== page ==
There is a growing backlash against National Education Association President Dennis Van Roekel’s recent collaborations with Teach for America leader Wendy Kopp on the issue of teacher preparation. Some NEA members have written on blogs that they are furious at Van Roekel, and early childhood expert Nancy Carlsson-Paige just declined an opportunity for her and her son, actor and activist Matt Damon, to be nominated for the Friend of Education Award from the NEA. It isn’t clear just how much Van Roekel has ruffled feathers in his union but some educators have written that they feel he has undercut efforts to expose Teach for America’s deficiencies and perhaps get it to change. On Daily Kos, Teacherken wrote recently that he felt “betrayed” by Van Roekel. Education blogger, Anthony Cody, on his “Living in Dialogue” blog at Education Week Teacher, wrote that the NEA president was sending mixed messages. He noted that the Kopp/Van Roekel op-ed said, “Unfortunately, not all teachers are getting the high-quality preparation they need to excel with students in the classroom.” (Valerie Strauss)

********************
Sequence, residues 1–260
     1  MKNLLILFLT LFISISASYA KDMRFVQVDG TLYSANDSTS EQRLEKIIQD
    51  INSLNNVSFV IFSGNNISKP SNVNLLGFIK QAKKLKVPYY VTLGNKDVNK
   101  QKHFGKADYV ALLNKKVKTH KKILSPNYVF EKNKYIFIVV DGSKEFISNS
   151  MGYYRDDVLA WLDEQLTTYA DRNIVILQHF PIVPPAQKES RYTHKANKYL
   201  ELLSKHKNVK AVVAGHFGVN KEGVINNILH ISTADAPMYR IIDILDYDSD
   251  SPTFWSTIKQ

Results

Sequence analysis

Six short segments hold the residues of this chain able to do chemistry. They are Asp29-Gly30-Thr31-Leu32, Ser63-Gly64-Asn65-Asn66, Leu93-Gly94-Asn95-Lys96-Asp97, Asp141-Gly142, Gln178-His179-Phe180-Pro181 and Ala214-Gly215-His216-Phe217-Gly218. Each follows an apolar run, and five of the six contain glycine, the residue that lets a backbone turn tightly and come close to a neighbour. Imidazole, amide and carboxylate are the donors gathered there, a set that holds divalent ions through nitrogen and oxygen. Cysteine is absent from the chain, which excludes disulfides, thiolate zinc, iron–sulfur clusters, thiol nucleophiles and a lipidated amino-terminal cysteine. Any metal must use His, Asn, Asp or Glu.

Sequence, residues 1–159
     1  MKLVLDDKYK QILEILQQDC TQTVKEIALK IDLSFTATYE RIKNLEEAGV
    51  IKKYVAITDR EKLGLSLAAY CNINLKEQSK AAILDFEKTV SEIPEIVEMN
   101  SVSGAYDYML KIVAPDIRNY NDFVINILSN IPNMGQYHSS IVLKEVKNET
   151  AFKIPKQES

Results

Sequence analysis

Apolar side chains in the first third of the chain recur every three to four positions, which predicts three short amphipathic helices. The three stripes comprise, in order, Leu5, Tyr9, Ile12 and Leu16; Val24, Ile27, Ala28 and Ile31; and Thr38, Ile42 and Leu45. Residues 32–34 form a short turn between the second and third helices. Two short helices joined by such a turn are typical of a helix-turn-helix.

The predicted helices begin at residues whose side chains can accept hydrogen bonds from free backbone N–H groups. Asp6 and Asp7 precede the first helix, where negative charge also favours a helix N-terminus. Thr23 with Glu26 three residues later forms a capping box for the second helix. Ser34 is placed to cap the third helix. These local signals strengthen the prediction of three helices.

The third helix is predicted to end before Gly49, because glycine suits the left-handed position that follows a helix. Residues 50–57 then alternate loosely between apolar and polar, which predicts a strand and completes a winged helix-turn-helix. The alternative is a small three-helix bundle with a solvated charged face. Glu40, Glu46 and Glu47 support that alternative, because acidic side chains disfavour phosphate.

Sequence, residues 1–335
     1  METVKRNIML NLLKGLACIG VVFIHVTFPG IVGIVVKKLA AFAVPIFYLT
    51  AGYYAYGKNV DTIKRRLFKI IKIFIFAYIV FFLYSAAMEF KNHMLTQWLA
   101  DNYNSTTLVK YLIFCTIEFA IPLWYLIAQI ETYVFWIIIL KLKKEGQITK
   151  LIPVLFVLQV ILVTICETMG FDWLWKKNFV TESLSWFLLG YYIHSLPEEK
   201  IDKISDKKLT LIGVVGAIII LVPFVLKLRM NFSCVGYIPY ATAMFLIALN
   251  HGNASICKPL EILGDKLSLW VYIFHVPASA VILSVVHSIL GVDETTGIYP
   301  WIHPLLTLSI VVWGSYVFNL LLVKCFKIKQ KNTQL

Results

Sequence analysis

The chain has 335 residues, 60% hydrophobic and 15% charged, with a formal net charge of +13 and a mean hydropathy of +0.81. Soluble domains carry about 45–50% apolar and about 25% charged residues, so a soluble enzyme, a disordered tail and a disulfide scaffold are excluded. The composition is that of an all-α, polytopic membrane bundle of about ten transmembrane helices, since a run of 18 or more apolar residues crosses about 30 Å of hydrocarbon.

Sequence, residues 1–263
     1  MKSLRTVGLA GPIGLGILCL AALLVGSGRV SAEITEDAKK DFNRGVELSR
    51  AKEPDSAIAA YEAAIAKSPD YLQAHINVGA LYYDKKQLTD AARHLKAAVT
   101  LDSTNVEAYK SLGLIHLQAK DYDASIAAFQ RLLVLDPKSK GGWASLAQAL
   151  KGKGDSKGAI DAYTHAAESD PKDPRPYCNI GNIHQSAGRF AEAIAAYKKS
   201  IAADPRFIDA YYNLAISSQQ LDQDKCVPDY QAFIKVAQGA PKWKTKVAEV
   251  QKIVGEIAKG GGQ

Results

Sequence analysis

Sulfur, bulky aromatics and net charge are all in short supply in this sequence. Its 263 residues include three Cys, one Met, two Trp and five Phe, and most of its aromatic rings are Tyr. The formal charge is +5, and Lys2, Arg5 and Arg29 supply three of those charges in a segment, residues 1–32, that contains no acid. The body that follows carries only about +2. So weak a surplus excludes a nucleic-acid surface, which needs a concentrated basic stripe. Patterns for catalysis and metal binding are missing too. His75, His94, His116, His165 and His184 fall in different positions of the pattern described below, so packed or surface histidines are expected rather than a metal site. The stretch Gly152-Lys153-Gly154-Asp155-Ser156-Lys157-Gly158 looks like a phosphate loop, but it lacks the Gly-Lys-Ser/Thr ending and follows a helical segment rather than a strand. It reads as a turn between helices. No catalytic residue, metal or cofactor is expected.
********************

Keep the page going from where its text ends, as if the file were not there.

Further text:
Students of online schools are lagging